John Donne and the Seventeenth-Century Metaphysical Poets

By Harold Bloom | Go to book overview

HARRY BERGER, JR.
Marvell's "Upon Appleton House":
An Interpretation

In this great poem the speaker enacts the process of withdrawal and return in a manner which is traditional when seen against the background of pastoral literature, but unique when explored in terms of other contexts. One such context is that of the lyric or first-person poem, especially as we find it in the late Renaissance or trace it through the line of great English poets from Chaucer.Another context is the so-called "baroque" interest in theatricality and role-playing. For in this as in other poems, the experience about which Marvell writes is identical with the experience the speaker is at once uttering and undergoing, i.e., what happens in "Appleton House" happens now in and to Marvell while he "says" the poem. And the peculiar tone Marvell imparts to this experience, a tone at once engaged and detached, sensuous and wittily disengaged, is closely connected to the fact that Marvell is staging himself, trying on (and trying out) certain conventional "roles"- attitudes, gestures, habits of mind—and delighting in his play both as participant and audience.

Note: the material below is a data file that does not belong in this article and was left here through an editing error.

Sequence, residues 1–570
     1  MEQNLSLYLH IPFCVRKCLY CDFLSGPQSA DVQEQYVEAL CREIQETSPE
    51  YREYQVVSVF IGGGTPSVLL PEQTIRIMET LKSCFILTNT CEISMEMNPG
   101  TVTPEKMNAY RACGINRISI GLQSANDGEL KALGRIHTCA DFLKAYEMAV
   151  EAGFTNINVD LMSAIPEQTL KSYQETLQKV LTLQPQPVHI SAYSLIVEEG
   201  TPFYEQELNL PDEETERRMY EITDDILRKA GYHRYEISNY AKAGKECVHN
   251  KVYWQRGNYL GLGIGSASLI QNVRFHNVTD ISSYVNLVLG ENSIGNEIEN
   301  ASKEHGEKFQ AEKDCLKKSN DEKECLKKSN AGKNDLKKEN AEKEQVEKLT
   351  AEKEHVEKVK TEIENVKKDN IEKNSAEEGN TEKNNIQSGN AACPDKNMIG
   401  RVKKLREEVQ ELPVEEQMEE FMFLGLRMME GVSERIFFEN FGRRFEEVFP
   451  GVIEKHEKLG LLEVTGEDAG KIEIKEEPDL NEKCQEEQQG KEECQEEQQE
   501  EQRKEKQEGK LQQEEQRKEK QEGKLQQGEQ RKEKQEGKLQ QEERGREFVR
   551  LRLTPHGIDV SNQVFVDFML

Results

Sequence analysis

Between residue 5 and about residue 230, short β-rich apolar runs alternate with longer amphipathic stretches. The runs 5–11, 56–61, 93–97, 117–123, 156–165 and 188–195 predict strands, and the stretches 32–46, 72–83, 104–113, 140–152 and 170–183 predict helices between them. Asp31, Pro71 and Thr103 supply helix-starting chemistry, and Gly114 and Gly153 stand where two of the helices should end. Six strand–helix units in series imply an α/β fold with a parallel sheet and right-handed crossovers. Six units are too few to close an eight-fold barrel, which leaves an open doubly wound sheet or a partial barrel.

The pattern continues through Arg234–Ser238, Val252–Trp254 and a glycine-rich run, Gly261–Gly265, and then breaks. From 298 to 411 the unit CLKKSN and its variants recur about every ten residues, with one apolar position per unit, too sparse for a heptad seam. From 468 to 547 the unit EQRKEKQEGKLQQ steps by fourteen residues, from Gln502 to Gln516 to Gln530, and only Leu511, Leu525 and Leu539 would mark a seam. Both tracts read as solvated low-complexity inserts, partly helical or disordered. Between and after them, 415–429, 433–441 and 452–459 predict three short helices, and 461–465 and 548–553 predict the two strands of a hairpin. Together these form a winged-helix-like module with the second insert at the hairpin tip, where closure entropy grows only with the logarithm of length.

But these contexts are too purely aesthetic to allow us to do justice to other aspects of the poem, and I should like to approach my interpretation by way of another and wider corridor, over the entry of which might be inscribed "Thinking reed and thinking Reed." The necessary interdependence of these contrary emphases is a commonplace. The great seventeenth‐ century versions of the commonplace are distinguished by their dialectical and disjunctive stresses, and by their concern with the antipathy of inside to outside, or of small to large. Thought is opposed to extension, time to

____________________
From Southern Review (Australia) 1, no. 4 ( 1965). © 1965 by Harry Berger, Jr. University of Adelaide, South Australia, 1965.

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